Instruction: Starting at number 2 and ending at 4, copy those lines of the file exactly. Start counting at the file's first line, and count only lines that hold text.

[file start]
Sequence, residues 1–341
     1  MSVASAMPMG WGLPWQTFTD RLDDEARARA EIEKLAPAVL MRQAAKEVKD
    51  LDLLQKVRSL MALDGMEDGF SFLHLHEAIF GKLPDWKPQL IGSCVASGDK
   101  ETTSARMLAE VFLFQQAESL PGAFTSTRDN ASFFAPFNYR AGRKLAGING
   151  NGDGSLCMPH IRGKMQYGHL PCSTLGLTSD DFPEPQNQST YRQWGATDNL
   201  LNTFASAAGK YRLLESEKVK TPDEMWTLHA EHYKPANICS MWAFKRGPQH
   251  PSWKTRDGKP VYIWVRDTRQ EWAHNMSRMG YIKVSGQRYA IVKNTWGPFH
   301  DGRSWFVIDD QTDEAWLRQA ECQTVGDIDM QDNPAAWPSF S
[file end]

     1  MSVASAMPMG WGLPWQTFTD RLDDEARARA EIEKLAPAVL MRQAAKEVKD
    51  LDLLQKVRSL MALDGMEDGF SFLHLHEAIF GKLPDWKPQL IGSCVASGDK
   101  ETTSARMLAE VFLFQQAESL PGAFTSTRDN ASFFAPFNYR AGRKLAGING